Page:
Reflections on the times and life of the New Yorker who saved the city in a brashly Jewish way.
Many eras could reasonably compete as the defining Jewish moment of New York City: pushcarts on the Lower East Side, the Triangle Shirtwaist Factory fire, the CCNY point-shaving scandal, the Ocean Hill-Brownsville teachers’ strike, the Brill Building’s influence on the American songbook, and the garment industry’s styling of American haute couture.
The faces on our Mount Rushmore who have come to define the very essence of Jewish New York are equally varied: Emma Lazarus, George Gershwin, Sandy Koufax, Leonard Bernstein, Abraham Joshua Heschel, Red Holtzman and Woody Allen. Some, however, call to mind a very different set of New York memories, and stereotypes, such as Arnold Rothstein, Ivan Boesky and Bernard Madoff.
But whether they evoke the sublime or the debased, whether they invented handball or the bagel, the Jewish soul of New York City, at least to my mind, is best exemplified by former Mayor Ed Koch.
Yes, Abe Beame was the city’s first avowedly Jewish mayor (Fiorello LaGuardia’s mother was Jewish, but he identified himself as a Catholic). Beame, however, presided over New York City during its near fiscal collapse, when the Bronx was actually burning, and crime was not just a statistic — it was a rallying cry for white flight.
For many, Beame was a nebbishy party hack not quite ready for prime time, a backroom dealer who lacked the grit and charisma required of a melting pot mayor. It was during his mayoralty, after all, when President Ford ostensibly told the city to “drop dead,” when Con-Ed blackouts and strikes by civic employees were abundant, when the Son of Sam (David Berkowitz, geez, another Jew) placed an ominous curfew on the city so great that even the sexual swingers of Plato’s Retreat retreated to their own bedrooms. Beame was a Jewish mayor whose face projected all the anxiety of a man standing around helplessly as unendurable tsuris descended upon his municipal government.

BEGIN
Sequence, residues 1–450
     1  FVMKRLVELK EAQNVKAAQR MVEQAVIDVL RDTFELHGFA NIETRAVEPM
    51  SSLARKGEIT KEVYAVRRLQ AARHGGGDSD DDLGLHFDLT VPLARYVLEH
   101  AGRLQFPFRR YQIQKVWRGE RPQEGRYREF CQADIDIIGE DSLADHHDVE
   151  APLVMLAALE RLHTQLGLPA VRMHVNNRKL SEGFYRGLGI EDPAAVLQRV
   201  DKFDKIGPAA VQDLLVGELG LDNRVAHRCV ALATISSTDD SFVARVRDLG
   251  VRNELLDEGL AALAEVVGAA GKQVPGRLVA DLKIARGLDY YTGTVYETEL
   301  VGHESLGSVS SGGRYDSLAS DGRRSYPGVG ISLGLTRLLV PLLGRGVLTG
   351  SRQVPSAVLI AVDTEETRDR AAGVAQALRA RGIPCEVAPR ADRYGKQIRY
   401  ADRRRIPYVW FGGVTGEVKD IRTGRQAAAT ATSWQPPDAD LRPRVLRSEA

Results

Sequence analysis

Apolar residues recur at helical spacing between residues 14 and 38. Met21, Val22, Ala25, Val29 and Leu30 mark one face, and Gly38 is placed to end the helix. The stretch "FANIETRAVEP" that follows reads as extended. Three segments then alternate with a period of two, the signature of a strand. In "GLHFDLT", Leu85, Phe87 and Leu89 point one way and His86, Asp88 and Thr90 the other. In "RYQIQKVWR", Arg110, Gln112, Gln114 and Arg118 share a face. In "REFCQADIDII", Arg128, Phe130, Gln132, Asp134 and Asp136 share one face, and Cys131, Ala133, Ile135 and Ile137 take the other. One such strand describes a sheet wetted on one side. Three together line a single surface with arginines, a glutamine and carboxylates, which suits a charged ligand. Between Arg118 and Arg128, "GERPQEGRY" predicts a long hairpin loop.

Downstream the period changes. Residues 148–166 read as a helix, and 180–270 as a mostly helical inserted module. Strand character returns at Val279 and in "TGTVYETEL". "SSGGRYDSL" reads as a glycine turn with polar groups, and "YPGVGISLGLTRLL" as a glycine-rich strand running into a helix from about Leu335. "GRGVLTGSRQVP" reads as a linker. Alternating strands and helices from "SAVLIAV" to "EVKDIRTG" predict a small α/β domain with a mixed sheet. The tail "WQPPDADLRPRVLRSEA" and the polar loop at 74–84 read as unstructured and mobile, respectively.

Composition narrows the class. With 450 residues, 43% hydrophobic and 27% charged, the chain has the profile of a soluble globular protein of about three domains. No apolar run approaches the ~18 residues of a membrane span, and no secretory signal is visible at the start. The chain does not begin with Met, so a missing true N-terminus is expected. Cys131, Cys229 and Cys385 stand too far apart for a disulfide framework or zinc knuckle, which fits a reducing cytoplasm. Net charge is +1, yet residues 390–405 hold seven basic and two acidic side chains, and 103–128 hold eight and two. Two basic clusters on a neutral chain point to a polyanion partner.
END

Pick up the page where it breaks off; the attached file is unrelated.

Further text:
And then came Ed Koch — another New York Jew, this one, however, to the rescue, which was fitting for a twice decorated combat veteran of World War II. Koch is deservedly credited with having saved New York City from the brink of bankruptcy. But even more importantly, perhaps, he gave the five boroughs a renewed sense of energy and purpose. This was a city that never slept, but not because it was overrun with muggers. Koch restored the excitement, reclaimed the tourists, reinvigorated the economy and brought law and order to the streets.
And he did so in a brashly Jewish way. Not only was he Jewish; he acted Jewish, a far cry from the Germanic “Our Crowd,” Anglicized-named, Episcopalian-scrubbed Jews who managed to penetrate polite society even during the 19th century. With Koch, the qualities of the street-smart, fast-talking, occasionally off-putting Jewish New Yorker were always on full display. He denied the New York Giants a parade permit to celebrate their 1987 Super Bowl victory because they played their home games in New Jersey. He heckled the hecklers. He decamped on the Brooklyn Bridge during a transit strike, cheering on pedestrians like a Moses on the Manhattan side of the Red Sea. He seemed to be everywhere: Chinese restaurants, subway cars, “Saturday Night Live,” baseball games, and cameo appearances in movies as New York City’s mayor. There was even an Off-Broadway musical, “Mayor,” based on Koch’s bestselling memoir. Ironically, he might have ended up as governor of New York if he hadn’t told Playboy magazine that he found suburban and upstate rural life to be “sterile.”